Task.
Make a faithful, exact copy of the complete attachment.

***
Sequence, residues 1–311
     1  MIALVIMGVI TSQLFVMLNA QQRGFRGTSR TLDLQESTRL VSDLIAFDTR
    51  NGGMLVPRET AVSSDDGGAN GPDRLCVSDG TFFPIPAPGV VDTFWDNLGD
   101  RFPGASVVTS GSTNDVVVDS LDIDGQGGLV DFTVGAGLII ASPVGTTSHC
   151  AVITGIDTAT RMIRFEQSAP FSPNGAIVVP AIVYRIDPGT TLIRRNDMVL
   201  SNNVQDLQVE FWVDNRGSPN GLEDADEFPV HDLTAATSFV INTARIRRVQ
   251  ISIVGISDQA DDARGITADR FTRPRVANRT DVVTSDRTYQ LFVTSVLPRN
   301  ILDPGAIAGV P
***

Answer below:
Sequence, residues 1–311
     1  MIALVIMGVI TSQLFVMLNA QQRGFRGTSR TLDLQESTRL VSDLIAFDTR
    51  NGGMLVPRET AVSSDDGGAN GPDRLCVSDG TFFPIPAPGV VDTFWDNLGD
   101  RFPGASVVTS GSTNDVVVDS LDIDGQGGLV DFTVGAGLII ASPVGTTSHC
   151  AVITGIDTAT RMIRFEQSAP FSPNGAIVVP AIVYRIDPGT TLIRRNDMVL
   201  SNNVQDLQVE FWVDNRGSPN GLEDADEFPV HDLTAATSFV INTARIRRVQ
   251  ISIVGISDQA DDARGITADR FTRPRVANRT DVVTSDRTYQ LFVTSVLPRN
   301  ILDPGAIAGV P